Denver Police union endorses Kelly Brough

The Denver Police Protective Association said it was all about experience and pointed to Brough’s work as chief of staff for former mayor John Hickenlooper.
4 min. read
A class of cadets graduate from the Denver Police Academy in Central Park. March 31, 2023.
Kevin J. Beaty/Denverite

The Denver Police Protective Association, the union representing more than 1,400 officers, endorsed Kelly Brough for mayor, citing her experience in city government.

"It was a very tough decision for this board," said Sgt. Tyson Worrell, president of the Denver PPA. "And we spent a lot of time with the candidates, and at the end of the day we are going with Kelly because we believe that she's the best person to run this city. She's the best person to partner with us to help address the crime issues."

Worrell said both candidates are "good people," but that Brough's background as a chief of staff for then Mayor John Hickenlooper -- having negotiated police contracts during tough economic times and her knowledge of how the city operates -- was the difference.

"For me, getting into this race, safety is a top issue," said Brough. "I hear from residents every single day that they share this concern about our city."

Crime has changed, and grown, since the pandemic and social unrest following the killing of George Floyd. 

Car thefts have nearly tripled in the city, so too, have reports of gun shots. Aggravated assaults have about doubled. Violent crime overall is up 42% between 2018 and 2022.

At the same time, police departments are struggling to keep qualified officers.

"Our staffing numbers are not what they need to be," said Worrell, who noted there were some strong academy class numbers lately. But still, "recruitment and retention all across the country for law enforcement is significantly down."

Brough's crime plan is not hugely different from her opponent, former state senator Mike Johnston.

Both want to hire more first responders, divert people into treatment, and build on co-responder programs for things like mental health to free up police resources for serious crimes.

Brough, though, has worked to secure a number of law enforcement endorsements throughout the campaign, some of which she listed off in accepting the PPA endorsement, including former city safety managers Al Lacabe and Fidel "Butch" Montoya, and former Denver chiefs of police Ari Zavaras and Gerry Whitman.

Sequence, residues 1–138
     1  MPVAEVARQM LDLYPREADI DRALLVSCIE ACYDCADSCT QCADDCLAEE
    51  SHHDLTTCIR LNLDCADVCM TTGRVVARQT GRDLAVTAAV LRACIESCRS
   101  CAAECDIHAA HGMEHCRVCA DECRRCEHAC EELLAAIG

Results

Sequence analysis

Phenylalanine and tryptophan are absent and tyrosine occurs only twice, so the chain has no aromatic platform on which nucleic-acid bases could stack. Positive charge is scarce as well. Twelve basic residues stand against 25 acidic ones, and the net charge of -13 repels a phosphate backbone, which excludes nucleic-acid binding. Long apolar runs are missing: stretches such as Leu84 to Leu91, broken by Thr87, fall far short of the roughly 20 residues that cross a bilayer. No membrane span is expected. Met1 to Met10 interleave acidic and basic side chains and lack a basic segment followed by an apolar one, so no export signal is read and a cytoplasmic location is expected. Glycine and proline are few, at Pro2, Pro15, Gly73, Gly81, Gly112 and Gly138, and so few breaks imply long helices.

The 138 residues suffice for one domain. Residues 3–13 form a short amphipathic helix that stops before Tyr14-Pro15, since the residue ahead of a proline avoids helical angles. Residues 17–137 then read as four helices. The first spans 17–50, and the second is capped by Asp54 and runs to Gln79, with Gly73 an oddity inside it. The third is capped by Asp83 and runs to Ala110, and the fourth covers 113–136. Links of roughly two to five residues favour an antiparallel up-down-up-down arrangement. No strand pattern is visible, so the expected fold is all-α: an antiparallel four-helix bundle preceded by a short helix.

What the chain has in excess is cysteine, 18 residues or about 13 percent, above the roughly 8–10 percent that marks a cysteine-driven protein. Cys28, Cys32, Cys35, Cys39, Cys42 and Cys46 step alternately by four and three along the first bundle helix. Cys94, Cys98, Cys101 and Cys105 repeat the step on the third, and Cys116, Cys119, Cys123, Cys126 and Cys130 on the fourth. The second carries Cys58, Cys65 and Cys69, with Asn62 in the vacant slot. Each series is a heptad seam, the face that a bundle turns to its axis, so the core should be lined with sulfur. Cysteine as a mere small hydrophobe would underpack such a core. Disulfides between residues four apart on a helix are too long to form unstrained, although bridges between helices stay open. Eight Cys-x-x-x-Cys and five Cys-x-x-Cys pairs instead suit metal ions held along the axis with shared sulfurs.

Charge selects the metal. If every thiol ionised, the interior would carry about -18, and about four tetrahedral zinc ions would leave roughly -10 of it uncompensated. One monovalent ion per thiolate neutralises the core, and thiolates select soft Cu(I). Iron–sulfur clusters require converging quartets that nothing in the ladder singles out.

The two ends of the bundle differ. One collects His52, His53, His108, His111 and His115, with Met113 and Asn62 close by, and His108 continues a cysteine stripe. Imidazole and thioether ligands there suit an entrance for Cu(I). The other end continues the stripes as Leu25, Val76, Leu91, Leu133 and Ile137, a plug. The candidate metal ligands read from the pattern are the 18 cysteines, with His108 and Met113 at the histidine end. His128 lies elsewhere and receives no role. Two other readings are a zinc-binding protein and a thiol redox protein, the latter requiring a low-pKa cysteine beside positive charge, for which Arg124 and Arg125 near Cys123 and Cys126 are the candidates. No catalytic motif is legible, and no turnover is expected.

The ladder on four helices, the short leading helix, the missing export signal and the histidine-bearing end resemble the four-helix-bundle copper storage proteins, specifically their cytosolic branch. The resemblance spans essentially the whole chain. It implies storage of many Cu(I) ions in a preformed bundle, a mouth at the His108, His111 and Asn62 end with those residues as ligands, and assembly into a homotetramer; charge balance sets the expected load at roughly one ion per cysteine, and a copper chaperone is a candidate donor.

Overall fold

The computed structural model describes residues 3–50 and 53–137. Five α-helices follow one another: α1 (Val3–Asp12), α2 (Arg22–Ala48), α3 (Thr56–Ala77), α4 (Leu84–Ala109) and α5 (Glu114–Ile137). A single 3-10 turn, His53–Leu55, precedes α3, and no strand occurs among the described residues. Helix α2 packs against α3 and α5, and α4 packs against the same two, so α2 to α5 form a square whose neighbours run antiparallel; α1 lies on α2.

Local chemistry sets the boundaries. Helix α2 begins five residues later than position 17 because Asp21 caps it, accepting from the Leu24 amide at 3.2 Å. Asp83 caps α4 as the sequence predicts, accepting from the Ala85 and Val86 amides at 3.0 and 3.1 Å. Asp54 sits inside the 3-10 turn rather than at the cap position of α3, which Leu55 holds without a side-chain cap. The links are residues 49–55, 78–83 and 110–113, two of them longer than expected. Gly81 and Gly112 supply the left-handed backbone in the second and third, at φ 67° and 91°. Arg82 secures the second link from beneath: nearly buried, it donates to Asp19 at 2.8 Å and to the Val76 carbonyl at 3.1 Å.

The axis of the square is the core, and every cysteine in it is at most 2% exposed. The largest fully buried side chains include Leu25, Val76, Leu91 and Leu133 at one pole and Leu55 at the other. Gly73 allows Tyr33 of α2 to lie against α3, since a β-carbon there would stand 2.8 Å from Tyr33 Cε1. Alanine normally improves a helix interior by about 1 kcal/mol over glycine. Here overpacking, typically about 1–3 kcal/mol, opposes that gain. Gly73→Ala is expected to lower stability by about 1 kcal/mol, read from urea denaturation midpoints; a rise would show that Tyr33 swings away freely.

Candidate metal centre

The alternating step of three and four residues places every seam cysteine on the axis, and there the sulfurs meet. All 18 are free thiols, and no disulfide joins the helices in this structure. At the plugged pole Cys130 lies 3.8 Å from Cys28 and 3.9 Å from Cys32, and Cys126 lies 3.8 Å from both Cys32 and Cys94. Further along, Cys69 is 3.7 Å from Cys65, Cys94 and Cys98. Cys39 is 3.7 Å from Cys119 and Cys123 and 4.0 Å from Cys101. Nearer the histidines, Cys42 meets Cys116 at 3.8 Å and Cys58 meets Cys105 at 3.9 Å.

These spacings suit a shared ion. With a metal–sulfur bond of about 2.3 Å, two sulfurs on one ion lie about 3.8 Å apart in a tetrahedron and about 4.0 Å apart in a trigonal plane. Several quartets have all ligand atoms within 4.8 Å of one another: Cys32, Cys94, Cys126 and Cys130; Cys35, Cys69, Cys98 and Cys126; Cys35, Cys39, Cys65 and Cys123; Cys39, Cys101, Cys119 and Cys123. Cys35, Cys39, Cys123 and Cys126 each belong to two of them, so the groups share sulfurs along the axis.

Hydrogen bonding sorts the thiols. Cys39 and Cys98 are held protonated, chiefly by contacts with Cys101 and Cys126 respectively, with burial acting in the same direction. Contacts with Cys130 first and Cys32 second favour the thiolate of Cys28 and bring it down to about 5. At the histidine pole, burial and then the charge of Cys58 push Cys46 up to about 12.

"I'm honored to have such support from these experts," Brough said. "Both in building our policy and our plans, but also in their commitment to make our city safer together."

The endorsement from the police union comes as both campaigns are in a scramble for endorsements, with just weeks to go before ballots are mailed to voters. Both Johnston and Brough are centrists with similar stances on key issues, so endorsements can be a key differentiator between them.

"I actually think it's maybe even greater than ever," said Brough. "Because there's lots of agreement about the challenges we face. There's lots of agreement even about, some of the places we might, how we might tackle" those issues.

In recent weeks Johnston has collected endorsements from former mayor Federico Peña, former mayoral challenger and State Rep. Leslie Herod, and several unions including UFCW Local 7.

Brough, meanwhile, has been endorsed by former mayor Wellington Webb and his wife, former state rep. Wilma Webb, former mayoral challenger Chris Hansen, and now the police union.

Brough does have direct experience negotiating contracts with the union when she was chief of staff. In 2009, she twice had to work to reduce pay for officers during the Great Recession. 

"This is about trust," said Brough. "You ask for what you need, you be honest with each other and you solve it together. And that's how I'll work as mayor as well."

One of the biggest ways the mayor can impact the police is the hiring of a police chief. "So the chief of police obviously has a huge morale effect on the department, right? And we need stability in our upper ranks. We need less politics and more practical application," said Worrell.

Should Brough win the election on June 6, Worrell said he expects the police union to be a part of that process with her. "And so when the time comes to talk about that with Kelly, we will," said Worrell. "So we can get the right person in there to join our team, to help us move forward, to get the right resources that we need and provide the right leadership for the troops."

An endorsement from the police could make a difference at a time like now, when crime is a top priority for voters.

Some political observers, like Eric Sondermann, say crime is scrambling the traditional left versus right divide.

"In a city where crime is a top-of-the-mind issue, that they want the next mayor to address," said Sondermann. "Having the support of the police association matters. I would much rather have that support than not."

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